It’s been a while but I feel a desire to return to rounding up years of cinema to which I both know not that much about and wasn’t blogging for. A few months back I rounded up my Top Ten Films of 1999, now it’s 1998′s turn.
10. American History X (dir. Tony Kaye)
When a former Nazi supporter is released from prison and had his life changed due to the experience only to find that his younger brother has been ensnared by these same Nazis it’s left him with a job to do before it’s too late. The film’s strengths include being visually jarring and thematically poignant dealing with the need for those people in our lives to guide us along the right path. We understand that Derek (Edward Norton) strayed from the path due to this lack of guidance and seeing that his absence has led Danny (Edward Furlong) into the same predicament which further nails the film’s point into the audience’s mind. The black & white versus colour, past and present storytelling makes for a visually interesting film that won’t be forgotten too quickly.
9. He Got Game (dir. Spike Lee)
Spike Lee is a filmmaker who has his own style and venacular that goes along with it. With his love of basketball he takes on an interesting father/son dynamic as Jake (Denzel Washington) is released from prison with the sole purpose of convincing his son, Jesus (Ray Allen), into showing intent to attend a specific college. Jake takes this opportunity to attempt to — as best he can — try and patch up his relationship with son after heading to jail in what some may call a series of poor circumstances. Using daring visual shots, evocative dialogue heavy scenes (one of my favourite being the car ride monologue NSFW btw) and when you throw in a passion like basketball as a core subject Lee shines as bright as he ever has.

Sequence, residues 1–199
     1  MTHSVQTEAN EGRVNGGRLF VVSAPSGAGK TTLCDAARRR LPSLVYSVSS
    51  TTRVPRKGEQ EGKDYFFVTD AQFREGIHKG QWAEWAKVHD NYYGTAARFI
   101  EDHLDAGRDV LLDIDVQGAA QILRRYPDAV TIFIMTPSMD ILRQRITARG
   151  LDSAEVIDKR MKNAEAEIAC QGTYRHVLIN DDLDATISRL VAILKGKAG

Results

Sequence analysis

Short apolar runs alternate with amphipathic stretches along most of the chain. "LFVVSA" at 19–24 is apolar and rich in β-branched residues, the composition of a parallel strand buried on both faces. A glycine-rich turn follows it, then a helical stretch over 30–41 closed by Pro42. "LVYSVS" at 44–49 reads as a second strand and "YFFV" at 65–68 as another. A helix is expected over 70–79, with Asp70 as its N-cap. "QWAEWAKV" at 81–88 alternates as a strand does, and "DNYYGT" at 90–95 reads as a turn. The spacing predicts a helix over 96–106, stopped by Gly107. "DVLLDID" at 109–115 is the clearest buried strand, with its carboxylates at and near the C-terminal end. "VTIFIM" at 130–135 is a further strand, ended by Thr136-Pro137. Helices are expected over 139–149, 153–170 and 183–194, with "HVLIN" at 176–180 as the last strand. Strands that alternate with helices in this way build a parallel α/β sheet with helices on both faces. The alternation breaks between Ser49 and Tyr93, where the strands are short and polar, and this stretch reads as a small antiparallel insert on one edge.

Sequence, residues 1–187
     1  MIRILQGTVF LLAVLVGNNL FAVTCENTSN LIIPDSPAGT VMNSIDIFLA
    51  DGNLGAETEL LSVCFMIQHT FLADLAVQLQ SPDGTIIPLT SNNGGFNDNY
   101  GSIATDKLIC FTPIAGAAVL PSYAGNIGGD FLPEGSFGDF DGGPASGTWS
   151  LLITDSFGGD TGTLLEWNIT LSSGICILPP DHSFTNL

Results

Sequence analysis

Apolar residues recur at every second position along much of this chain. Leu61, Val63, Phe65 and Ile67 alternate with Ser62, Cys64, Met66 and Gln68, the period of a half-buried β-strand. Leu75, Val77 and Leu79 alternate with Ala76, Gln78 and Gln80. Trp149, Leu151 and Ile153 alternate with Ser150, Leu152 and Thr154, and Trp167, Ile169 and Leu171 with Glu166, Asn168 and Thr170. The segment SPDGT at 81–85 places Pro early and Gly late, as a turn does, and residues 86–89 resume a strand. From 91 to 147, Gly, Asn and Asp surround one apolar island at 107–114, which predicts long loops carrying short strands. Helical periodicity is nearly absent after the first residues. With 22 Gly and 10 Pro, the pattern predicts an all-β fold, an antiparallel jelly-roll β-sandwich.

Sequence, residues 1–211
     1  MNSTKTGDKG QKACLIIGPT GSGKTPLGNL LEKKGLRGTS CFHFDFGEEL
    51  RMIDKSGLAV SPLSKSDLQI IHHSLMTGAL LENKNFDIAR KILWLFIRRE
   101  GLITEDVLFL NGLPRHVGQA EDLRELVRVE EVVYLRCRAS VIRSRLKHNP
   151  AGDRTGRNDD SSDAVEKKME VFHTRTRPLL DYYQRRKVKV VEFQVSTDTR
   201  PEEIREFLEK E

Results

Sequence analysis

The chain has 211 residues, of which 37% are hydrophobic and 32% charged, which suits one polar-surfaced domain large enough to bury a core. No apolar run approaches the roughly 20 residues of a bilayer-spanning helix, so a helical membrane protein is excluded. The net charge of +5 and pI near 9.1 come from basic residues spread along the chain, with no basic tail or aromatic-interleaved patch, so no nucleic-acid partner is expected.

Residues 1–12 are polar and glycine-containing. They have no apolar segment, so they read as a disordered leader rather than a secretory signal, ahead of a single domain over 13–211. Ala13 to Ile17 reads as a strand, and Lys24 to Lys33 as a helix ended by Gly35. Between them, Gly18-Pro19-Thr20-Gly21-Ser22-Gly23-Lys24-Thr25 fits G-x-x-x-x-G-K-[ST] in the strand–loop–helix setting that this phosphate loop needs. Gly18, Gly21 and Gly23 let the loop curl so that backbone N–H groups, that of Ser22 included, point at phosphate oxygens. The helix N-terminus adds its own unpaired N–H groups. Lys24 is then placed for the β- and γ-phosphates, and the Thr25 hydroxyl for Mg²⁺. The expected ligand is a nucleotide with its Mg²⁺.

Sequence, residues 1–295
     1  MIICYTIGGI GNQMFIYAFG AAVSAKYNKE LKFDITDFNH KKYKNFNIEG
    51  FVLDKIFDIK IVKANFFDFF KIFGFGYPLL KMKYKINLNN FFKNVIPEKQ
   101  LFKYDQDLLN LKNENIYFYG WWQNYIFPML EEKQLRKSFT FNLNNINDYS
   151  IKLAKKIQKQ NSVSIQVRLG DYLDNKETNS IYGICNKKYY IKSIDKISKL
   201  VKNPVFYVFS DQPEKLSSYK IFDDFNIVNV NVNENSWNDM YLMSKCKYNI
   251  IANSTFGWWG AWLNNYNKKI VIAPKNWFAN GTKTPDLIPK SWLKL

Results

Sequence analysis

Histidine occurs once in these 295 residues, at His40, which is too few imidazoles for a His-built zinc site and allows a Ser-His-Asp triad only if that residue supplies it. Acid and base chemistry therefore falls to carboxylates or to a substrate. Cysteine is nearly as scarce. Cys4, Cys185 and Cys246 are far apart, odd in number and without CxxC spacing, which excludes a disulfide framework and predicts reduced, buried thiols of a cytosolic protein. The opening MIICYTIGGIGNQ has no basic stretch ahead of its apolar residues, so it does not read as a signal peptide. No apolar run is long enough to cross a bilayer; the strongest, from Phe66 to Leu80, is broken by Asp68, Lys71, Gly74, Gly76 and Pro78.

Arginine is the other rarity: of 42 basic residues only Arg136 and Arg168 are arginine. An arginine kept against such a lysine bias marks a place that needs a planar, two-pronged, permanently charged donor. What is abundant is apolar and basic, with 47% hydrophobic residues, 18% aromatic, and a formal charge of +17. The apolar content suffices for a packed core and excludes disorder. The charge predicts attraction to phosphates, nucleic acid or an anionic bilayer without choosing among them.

8. Pleasantville (dir. Gary Ross)
Many scholars still argue that the shift from black and white to colour in cinema was a poor choice, let this film change your mind. In this world — at all times — we site dreading change. We embrace it only after being dragged kicking and screaming only to realize how good that change can just be. So when in the world of Pleasantville — a black and white TV show — we introduce the notion of colour the citizens (for the most part) are reluctant to the point of violence. The film is a great allegory for racism and the shift in culture but can also be extended to any time in history when social change was asked of the world. It’s honestly one of the most unsung gems of 1998.
7. Out of Sight (dir. Steven Soderbergh)
Noir crime drama done at it’s finest and from the hands of the veteran Steven Soderbergh. With scenes that will down right leave you mezmerised as we watch Jack Foley (George Clooney) charm his way out of any scenario it just works.
6. Lock, Stock and Two Smoking Barrels (dir. Guy Ritchie)
The crime comedy that redefined the genre as every film that followed tried its best (including the director’s follow up films) to imitate and recreate it.